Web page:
Los Angeles recently completed construction of a $2 million, half-mile-long greenway along the banks of the Los Angeles River, turning an eyesore into a pedestrian-friendly recreation area. The first segment of a seven-mile-long linear construction project, the Studio City Greenway includes paths, a small park and native landscaping.

In June 1996, Los Angeles adopted a 20-year revitalization plan for a long-ignored, 32-mile stretch of the L.A. River — a concrete stormwater retention channel — from Canoga Park through downtown. As an outgrowth of that plan, the city adopted a Los Angeles River Greenway Community Enhancement Plan in May 2001 that called for constructing a linear park along the riverbank. Studio City Greenway is located between Whitsett Avenue and Laurel Canyon Boulevard, along a highly visible portion of the river in a commercial corridor with river access.

To design and build the greenway, the city contracted with Costa Mesa, Calif.-based NUVIS Landscape Architecture and Planning; Santa Ana, Calif.-based Incledon Kirk Engineers; Costa Mesa, Calif.-based GLP Karjala electrical engineers; and Temecula, Calif.-based Sweeney & Associates, irrigation specialists. The city's Department of Public Works, Bureau of Engineering, Department of Recreation and Parks, Department of Transportation, Department of Water and Power, Army Corps of Engineers, Los Angeles County Public Works, and the Regional Water Quality Control Board all were involved in planning the park.

The design team worked with a neighborhood oversight committee of five to 10 residents to collect ideas about the park design and recreation amenities. To help build support for the greenway, the team also invited residents and local officials on bus tours along the river to show them locations for proposed park amenities.

As the park was in the planning stages, the L.A. County Department of Public Works developed landscaping guidelines and plant palettes that specified which native trees, shrubs, grasses and perennials could be planted in the greenway. Each region along the revitalization zone had a special plant palette that reflected the history of the city and the surrounding area, and embraced the contiguous neighborhoods and business districts.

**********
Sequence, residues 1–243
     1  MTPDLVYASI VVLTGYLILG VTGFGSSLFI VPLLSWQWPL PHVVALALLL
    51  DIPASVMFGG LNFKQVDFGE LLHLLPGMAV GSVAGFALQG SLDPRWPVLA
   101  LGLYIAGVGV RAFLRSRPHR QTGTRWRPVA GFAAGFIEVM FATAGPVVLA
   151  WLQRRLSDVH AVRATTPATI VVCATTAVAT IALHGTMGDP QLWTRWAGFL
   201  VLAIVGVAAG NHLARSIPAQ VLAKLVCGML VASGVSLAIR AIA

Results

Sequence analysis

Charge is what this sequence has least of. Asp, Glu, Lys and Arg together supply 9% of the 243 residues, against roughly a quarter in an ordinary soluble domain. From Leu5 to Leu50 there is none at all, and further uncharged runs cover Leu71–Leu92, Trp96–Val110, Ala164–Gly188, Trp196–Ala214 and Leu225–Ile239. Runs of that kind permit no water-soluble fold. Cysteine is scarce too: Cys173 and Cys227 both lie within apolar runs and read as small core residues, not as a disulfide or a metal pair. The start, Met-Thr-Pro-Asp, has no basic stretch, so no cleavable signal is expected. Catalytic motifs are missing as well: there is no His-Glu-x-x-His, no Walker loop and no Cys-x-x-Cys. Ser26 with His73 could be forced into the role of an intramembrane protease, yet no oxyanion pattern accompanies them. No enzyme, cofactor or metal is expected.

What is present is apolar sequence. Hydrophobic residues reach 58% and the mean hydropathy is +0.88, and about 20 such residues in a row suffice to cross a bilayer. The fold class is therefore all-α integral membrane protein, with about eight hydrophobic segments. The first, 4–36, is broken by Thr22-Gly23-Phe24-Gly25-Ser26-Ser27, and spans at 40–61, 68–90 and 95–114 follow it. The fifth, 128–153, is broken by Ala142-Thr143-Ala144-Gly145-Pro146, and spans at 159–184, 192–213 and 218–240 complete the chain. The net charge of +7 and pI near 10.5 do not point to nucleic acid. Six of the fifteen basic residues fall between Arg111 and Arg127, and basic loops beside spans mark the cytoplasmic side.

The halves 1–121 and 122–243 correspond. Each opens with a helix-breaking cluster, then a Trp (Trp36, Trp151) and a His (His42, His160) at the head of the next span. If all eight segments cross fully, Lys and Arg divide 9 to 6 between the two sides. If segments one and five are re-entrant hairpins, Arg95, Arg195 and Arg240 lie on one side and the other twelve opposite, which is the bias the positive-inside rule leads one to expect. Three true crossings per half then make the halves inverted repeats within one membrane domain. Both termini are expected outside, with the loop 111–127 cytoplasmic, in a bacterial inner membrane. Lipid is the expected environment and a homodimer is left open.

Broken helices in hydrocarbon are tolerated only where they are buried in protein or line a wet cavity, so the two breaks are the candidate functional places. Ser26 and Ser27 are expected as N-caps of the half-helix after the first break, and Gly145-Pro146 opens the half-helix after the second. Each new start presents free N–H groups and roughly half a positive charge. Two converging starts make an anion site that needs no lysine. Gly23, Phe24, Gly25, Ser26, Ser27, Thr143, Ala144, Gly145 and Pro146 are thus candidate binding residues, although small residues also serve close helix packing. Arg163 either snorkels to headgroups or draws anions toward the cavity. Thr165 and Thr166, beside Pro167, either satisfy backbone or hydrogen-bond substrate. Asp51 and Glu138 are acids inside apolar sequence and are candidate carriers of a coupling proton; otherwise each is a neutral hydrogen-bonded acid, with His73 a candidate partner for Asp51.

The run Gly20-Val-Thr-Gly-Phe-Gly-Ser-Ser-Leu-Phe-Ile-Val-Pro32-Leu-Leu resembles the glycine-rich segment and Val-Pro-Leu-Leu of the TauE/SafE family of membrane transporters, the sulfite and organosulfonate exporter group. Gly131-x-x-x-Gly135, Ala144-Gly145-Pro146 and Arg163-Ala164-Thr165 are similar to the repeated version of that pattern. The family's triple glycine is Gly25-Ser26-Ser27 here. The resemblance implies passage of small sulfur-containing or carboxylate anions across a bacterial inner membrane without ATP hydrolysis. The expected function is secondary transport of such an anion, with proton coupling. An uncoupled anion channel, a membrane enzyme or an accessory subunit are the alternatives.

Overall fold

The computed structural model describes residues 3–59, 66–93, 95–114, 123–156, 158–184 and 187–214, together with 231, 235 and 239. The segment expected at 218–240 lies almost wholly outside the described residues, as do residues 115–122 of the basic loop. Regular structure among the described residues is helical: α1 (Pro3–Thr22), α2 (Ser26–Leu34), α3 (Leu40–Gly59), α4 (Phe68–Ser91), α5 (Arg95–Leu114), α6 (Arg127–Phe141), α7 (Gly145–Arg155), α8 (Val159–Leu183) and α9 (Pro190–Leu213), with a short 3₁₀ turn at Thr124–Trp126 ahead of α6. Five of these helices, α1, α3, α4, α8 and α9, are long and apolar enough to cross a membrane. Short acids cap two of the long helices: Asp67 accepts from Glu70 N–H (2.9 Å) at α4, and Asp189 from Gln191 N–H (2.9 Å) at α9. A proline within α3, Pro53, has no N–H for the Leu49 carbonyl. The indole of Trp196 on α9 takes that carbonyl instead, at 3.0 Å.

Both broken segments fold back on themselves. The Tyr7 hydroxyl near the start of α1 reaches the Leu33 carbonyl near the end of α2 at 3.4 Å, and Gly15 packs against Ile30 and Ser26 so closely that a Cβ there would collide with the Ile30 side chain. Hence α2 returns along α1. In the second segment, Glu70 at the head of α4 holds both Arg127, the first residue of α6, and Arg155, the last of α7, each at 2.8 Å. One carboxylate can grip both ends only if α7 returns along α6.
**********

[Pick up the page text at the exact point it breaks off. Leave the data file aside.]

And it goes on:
As the pilot segment for the project, the Studio City Greenway winds along both sides of the concrete river channel, featuring paved pedestrian pathways accented by stone walls, fences and native, drought-tolerant trees and shrubs, such as Coast Live Oaks, California Lilac and sagebrush, arranged specifically to mimic their natural groupings. The greenway also includes recreation trails and a pocket park at the corner of Valley Heart Drive and Laurel Canyon Boulevard. The small park is less than 500 square feet and includes seats, lights and a landscaped area. Nearby, two community groups created a small park and amphitheatre along the river's south side.

The next phase of the greenway is designed to continue two-thirds of a mile east and west of the Studio City section. Construction is scheduled to begin early next year, and the entire greenway, which will include several more pocket parks, is scheduled for completion in 2012. The $10 million project is funded by Proposition K, a citywide assessment district that generates $25 million each year to acquire, improve, build and maintain parks and recreation facilities through an annual real property tax assessment on residents. In general, the greenway has been well received by residents, local businesses and river advocacy groups. Detractors have only expressed opposition to the asphalt pedestrian path, saying they would prefer decomposed granite or pervious concrete — a few alternative paving options the city is considering for future phases.